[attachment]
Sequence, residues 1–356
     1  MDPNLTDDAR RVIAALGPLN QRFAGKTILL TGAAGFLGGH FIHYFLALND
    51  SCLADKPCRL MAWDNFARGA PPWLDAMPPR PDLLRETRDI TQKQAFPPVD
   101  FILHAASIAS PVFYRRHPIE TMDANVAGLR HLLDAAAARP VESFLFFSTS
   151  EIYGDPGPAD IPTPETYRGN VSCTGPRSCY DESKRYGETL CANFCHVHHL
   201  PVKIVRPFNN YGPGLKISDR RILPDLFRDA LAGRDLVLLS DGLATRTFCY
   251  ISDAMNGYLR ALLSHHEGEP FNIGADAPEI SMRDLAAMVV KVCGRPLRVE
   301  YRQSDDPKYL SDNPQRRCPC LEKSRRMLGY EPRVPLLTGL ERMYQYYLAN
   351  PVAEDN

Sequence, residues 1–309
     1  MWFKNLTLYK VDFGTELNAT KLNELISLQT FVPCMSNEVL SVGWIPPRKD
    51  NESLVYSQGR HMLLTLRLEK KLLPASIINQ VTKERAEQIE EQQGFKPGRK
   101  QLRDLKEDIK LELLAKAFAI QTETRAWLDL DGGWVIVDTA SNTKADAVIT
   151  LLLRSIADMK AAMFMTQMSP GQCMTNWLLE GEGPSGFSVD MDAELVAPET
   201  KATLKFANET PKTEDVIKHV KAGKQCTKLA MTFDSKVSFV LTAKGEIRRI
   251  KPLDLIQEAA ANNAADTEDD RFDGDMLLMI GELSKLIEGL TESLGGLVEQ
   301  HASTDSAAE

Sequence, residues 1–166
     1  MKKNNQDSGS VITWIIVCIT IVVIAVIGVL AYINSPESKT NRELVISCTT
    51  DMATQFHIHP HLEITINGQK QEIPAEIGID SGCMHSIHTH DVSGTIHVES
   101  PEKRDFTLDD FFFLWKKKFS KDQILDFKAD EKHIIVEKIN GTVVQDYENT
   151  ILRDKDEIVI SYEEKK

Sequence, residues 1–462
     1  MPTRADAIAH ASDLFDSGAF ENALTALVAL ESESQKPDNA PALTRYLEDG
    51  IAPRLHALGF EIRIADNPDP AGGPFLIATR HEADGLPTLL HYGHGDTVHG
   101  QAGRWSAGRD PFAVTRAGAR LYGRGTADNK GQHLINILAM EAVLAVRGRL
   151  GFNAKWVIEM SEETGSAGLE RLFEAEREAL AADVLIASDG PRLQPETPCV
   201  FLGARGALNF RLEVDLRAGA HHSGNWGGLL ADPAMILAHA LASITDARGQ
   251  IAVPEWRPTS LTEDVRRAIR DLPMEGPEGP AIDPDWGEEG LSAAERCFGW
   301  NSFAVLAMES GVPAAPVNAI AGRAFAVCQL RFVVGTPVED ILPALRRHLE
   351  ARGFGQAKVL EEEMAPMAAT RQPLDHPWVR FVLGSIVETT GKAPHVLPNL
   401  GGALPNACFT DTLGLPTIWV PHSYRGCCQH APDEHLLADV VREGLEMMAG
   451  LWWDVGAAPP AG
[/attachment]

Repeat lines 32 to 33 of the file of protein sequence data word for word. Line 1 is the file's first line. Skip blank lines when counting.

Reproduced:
   401  GGALPNACFT DTLGLPTIWV PHSYRGCCQH APDEHLLADV VREGLEMMAG
   451  LWWDVGAAPP AG